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Post-production Sound Designer wins Rycote Sound Award 2022

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BA (Hons) Film Production graduate Elijah Vincent has been named the Rycote Sound Award-winner for 2022. Elijah, who graduated earlier this year, served as both production sound mixer and post-production sound designer on the grad film Choirboy.

On his win and his recognition from industry name Rycote, Elijah said, “It is surreal, as I still struggle to reconcile with my journey as a sound designer. Before AUB, I didn’t realise filmmaking was a career path. It was a pipe dream as I thought it couldn’t be anything more.

“I only applied to AUB on a whim because someone made an off-hand comment asking why I wasn’t thinking about going to film school. My only aspiration for coming was to finally meet other people who had this shared passion for filmmaking, and I was fortunate as, not only did I meet these people, but I also formed wonderful and lasting collaborations.

“It never occurred to me that my work would be recognised by others. It’s a shock to the system and a wonderful surprise that has given me spirited encouragement. This celebration isn’t mine alone; none of this would've been possible if not for the wonderful crews and casts, so it’s a pleasure to bring some kind of spotlight onto their amazing work.”

Since graduating, Elijah has been involved in a variety of audio projects, and not limited to just film. Recently, he’s worked as a sound designer and re-recording mixer for a diverse range of projects, including documentary shorts, dramas and comedy projects. But he’s also branched out into working on podcasts, working as audio editor for the Liminal Podcast, part of the Realms of Peril and Glory Podcast network.

Choirboy follows a young brother who’s become shaken by his sister’s sudden illness, which has made her too ill to sing as she hides away in her room. He joins the local choir in her place, but while this is meant to unite them, it may cause a greater divide. From a sound production perspective, Elijah explains there were several challenges on the film.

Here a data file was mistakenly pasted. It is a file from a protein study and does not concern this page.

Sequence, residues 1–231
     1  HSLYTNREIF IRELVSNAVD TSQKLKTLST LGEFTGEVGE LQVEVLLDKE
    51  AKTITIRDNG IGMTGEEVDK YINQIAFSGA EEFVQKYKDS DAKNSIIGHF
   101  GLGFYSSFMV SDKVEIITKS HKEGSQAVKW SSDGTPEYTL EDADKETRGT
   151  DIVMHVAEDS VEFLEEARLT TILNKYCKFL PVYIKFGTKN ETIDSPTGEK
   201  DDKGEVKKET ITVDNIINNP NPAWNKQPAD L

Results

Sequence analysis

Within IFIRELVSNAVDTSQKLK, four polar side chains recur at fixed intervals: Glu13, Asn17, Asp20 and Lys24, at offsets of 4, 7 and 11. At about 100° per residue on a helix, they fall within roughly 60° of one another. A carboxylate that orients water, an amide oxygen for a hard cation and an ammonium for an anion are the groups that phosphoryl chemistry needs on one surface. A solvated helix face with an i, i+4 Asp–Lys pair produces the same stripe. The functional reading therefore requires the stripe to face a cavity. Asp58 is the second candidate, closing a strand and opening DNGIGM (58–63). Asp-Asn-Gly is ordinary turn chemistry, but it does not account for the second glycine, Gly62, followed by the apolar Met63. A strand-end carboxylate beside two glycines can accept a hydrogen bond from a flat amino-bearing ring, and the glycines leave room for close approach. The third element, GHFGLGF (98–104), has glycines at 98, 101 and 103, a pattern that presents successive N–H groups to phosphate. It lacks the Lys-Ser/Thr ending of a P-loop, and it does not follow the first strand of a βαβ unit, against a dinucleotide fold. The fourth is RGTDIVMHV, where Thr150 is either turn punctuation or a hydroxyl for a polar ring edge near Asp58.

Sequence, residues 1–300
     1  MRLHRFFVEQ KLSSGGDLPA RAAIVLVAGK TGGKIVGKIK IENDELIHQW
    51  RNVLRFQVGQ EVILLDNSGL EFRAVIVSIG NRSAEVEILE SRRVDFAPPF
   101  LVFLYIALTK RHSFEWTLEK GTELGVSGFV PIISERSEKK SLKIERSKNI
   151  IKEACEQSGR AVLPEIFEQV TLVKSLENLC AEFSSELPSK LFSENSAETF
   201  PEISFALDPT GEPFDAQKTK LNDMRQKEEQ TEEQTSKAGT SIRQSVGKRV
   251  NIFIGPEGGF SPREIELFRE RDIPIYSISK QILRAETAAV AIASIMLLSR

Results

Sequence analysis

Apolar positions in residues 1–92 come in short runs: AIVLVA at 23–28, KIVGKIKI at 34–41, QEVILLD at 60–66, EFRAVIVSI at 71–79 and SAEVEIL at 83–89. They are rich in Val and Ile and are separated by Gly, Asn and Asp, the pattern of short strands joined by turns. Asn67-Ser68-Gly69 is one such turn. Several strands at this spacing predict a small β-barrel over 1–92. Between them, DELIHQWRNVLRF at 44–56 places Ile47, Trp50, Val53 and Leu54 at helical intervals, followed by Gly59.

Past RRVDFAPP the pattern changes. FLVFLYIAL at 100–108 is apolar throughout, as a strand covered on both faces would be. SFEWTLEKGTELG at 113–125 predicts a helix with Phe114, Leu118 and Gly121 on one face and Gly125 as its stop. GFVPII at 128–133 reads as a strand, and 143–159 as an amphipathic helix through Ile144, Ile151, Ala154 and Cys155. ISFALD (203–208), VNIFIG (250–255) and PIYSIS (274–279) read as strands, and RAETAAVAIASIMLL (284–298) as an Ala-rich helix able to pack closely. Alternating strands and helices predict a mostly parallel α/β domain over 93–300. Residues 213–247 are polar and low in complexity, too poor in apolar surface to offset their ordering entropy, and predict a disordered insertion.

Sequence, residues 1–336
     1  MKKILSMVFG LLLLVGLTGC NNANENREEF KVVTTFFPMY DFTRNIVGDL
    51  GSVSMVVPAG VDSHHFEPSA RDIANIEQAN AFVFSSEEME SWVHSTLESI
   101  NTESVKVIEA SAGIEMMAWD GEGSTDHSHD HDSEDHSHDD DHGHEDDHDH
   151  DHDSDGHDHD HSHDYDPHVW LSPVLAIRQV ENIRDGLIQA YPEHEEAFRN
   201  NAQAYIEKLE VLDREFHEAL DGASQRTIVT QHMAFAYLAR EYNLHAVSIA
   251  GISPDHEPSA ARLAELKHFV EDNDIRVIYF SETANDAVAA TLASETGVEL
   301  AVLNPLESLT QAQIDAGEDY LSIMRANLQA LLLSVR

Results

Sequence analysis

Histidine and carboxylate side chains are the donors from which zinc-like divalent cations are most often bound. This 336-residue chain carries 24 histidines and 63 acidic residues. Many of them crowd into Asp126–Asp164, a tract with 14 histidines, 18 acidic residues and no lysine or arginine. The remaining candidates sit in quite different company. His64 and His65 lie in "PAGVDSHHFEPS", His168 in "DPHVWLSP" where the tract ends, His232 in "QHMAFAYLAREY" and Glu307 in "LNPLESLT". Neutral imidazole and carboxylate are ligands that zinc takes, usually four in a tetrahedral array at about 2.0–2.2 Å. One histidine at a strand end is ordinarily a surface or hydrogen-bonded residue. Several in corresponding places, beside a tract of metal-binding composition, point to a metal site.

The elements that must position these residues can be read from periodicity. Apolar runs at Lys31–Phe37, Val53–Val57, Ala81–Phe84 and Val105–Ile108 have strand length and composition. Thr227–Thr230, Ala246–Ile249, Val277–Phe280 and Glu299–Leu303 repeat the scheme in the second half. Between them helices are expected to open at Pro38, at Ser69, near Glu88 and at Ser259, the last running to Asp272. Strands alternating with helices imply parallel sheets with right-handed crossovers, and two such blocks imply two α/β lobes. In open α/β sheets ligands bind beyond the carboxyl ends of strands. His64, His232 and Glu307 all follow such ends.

“One of the greatest challenges was the choir recordings. These songs needed to be done not only before production but edited and ready for on-set audio playback. But we were unable to record a whole live choir due to scheduling difficulties. So extensive planning and organisation went into recording the choir vocalists separately or in small groups bit by bit, song by song, gradually collecting all the different bass, tenor, alto and soprano parts.

“Then we were left with the exciting challenge of making these separate vocal recordings come together to sound like a lively choir in a church. I must’ve read every resource and watched every YouTube tutorial on how to mix choir vocals. I went through 21 iterations of reverb effect chain combinations, with each one getting closer to the realistic yet magical spirit of the film. This was with the hope that, when the audience watches Choirboy, they'll feel immersed into the choir, not realising all the music was done before we even shot the first frame.”

Rob Hardcastle, Senior Lecturer on BA (Hons) Film Production at AUB said, “Elijah has been an excellent collaborator across the numerous graduation films that he’s worked on this year. He’s demonstrated strong problem-solving skills in production sound, as well as effective conceptual thinking in sound design.”

Despite his winning the Rycote Sound Award, Elijah admits he had no expectation of specialising in sound production and design. However, his passion and creativity were nurtured throughout his degree, which he said offered an extensive view into all aspects of filmmaking.

“Unlike other specialisms, I was involved in every step of the filmmaking process; from the proactive problem-solving of pre-production, to the puzzle of post-production and getting all the elements to click together.”

But what tips does he have to share with current students who may want to replicate his success?

“Keep a balance between your work and your personal life. A strong work ethic only goes so far; you need to take care of yourself, as you’re not going to do your best work if you burn out. I put pressure and high expectations on myself and my work, and while this pressure can be a helpful motivator, it also detracted from my work, as sometimes it was overbearing. I was no longer defining my work; the work was defining me. Remember that you aren’t defined by your work; you’re defined by how you treat yourself.”

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